Phaeochora, Phaeochoropis, Brobdingnagia, Camarotella, Coccostromopsis, Malthomyces, Ophiodothella, Oxodeora, Phyllachora, and Sphaerodothis
All genera belong to the Kindom Fungi, Phylum Ascomycota. Other genera within the families Phaeochoraceae and Phyllachoraceae may be associated with this disease.
The list of palm genera reported to be affected by these pathogens is relatively small, and it is probably incomplete: Aceolorrhaphe, Acrocomia, Allagoptera, Arenga, Astrocaryum, Attalea, Bactris, Butia, Calamus, Caryota, Chamaedorea, Chamaerops, Coccothrinax, Cocos, Copernicia, Enterpe, Jubaea, Livistona, Phoenix, Roystonea, Sabal, Syagrus, Thrinax, Washingtonia.
As a group, these pathogens are considered to be distributed worldwide.
Disease symptoms and signs are usually most prominent on the oldest leaves in the canopy. These pathogens invade the leaf blade, and not the leaf petiole or rachis. Initially, spots or lesions will range from barely visible to obvious, depending on the pathogen invading the tissue. Discoloration and distribution on the leaf blade is highly variable. Eventually, however, infected host tissue will become incorporated into a compact mass of mycelium and form a melanized stroma (plural = stromata), which contains the sexual fruiting bodies of the fungus. As with the initial symptoms, stromata vary in size and shape based on the pathogen invading the tissue. The stromata often erupt through the leaf epidermis, but size of the stromata will determine how visible these structures are on the leaf blade surface. The pattern of stromata on the leaf vary from randomly scattered across the leaf blade to occurring only in a straight line along the leaf vein. If disease severity is high, the entire leaf blade may become necrotic.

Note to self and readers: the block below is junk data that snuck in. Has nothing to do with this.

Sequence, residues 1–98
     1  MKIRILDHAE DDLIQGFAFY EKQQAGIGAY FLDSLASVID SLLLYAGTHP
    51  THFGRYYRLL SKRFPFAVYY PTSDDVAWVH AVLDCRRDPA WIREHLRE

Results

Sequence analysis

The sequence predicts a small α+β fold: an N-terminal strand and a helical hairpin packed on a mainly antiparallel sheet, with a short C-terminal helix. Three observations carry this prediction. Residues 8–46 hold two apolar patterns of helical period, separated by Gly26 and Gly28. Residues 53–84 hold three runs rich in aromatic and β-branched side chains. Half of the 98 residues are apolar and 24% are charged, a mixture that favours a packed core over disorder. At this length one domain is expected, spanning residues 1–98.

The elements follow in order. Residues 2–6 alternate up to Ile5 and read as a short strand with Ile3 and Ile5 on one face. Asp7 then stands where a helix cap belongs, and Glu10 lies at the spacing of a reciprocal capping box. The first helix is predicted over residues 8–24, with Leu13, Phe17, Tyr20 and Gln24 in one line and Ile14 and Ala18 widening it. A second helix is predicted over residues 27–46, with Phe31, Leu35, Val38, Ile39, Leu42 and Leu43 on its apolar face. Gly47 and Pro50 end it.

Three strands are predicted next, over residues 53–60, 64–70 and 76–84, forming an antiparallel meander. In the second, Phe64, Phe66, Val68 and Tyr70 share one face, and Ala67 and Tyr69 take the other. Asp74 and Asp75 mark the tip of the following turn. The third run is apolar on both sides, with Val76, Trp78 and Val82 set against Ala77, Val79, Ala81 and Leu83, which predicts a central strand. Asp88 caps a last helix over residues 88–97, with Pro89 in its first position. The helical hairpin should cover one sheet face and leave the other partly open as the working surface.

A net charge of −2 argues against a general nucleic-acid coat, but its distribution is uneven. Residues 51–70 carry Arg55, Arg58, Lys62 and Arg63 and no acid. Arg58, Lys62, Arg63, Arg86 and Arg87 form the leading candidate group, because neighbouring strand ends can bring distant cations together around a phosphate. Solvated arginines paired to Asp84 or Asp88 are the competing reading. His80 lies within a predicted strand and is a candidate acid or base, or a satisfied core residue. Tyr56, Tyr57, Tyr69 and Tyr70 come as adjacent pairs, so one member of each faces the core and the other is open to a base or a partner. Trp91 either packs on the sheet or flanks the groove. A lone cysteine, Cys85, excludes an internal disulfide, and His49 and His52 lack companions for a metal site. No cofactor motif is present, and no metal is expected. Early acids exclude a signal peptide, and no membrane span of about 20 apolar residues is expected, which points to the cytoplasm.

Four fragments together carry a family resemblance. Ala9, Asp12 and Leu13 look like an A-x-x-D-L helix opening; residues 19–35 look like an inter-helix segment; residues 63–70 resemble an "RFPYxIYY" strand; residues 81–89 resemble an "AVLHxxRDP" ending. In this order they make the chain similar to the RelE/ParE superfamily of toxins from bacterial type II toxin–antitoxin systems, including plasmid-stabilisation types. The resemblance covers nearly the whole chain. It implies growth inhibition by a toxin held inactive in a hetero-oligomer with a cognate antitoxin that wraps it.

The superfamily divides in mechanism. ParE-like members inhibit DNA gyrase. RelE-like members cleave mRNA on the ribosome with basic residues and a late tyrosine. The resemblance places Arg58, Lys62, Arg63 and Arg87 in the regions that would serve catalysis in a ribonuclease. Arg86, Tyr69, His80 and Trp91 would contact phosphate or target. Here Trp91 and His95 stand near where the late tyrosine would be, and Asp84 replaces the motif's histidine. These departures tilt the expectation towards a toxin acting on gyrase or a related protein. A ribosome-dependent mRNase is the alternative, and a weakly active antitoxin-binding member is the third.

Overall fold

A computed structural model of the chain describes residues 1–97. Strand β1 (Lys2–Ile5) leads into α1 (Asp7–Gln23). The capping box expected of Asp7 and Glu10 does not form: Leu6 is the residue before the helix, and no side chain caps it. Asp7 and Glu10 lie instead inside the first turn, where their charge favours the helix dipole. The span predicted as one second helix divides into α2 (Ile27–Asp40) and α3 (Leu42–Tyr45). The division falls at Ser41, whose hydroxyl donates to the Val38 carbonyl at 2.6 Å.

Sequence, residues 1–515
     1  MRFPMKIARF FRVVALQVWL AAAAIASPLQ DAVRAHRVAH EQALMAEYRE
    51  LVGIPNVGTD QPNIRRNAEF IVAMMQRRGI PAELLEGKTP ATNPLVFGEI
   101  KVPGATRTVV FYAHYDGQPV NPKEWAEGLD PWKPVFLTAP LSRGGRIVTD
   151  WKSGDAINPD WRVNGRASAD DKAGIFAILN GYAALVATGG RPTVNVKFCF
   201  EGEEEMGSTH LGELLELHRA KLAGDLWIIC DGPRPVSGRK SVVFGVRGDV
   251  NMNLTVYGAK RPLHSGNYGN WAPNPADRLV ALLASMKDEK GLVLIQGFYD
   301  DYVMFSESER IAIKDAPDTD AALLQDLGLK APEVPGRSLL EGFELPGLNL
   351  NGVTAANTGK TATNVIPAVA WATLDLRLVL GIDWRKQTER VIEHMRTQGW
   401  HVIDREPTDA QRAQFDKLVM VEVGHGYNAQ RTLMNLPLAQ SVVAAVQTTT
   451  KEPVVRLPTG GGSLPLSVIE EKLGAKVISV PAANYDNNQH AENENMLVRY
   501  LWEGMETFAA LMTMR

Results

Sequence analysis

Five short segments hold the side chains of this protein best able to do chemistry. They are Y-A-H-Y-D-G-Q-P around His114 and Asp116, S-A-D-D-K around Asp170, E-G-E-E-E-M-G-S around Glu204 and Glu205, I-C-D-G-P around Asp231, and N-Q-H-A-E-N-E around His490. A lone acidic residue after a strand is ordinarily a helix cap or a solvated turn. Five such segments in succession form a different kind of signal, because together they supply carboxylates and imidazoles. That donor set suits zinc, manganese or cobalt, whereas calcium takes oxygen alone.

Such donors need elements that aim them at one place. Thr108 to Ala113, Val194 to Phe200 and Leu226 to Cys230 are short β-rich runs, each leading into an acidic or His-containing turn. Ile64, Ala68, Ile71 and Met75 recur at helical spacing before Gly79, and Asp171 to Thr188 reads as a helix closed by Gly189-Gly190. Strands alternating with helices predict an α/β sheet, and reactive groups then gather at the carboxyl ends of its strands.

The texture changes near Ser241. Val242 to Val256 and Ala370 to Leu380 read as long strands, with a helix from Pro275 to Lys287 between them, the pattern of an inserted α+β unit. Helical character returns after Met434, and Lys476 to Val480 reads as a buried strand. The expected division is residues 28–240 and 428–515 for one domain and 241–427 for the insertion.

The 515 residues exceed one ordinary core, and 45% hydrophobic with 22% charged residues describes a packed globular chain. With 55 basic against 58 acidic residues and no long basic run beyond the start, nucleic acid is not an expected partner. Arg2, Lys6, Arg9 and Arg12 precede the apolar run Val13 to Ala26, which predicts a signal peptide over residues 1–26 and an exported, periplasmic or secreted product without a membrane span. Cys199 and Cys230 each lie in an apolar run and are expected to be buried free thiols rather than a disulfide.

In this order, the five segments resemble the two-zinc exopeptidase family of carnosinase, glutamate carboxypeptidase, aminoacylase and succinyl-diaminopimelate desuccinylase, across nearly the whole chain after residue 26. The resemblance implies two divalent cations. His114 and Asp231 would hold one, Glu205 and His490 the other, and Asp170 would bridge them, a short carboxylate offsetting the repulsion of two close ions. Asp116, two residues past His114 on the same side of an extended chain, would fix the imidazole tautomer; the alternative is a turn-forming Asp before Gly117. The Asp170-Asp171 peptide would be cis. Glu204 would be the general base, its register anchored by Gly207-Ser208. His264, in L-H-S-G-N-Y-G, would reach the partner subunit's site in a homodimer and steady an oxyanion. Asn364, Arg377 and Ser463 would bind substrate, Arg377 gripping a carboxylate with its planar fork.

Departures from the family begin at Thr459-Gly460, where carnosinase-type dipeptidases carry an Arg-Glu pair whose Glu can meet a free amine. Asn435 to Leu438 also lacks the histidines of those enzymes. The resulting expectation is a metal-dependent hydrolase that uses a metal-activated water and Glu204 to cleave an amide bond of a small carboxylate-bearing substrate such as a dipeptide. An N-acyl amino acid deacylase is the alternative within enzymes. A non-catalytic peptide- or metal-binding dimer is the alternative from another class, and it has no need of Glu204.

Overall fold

Tar spot is a disease name used specifically for diseases caused by leaf blade invading pathogens that produce blackened stroma. Diamond scale is considered a tar spot disease, but the pathogen has a very restricted host range and geographic range, and so is listed separately. Petiole (rachis) blights are caused by the tar spot pathogens Cocoicola and Serenomyces, but these pathogens only invade the petiole or rachis, never the leaf blade. Most of the tar spot pathogens are not culturable.
Figure 1. The raised black structures on this leaf are stromata, a mixture of host tissue and mycelia of Phaeochoropsis neowashingtoniae. Photo by A. J. Downer, University of California.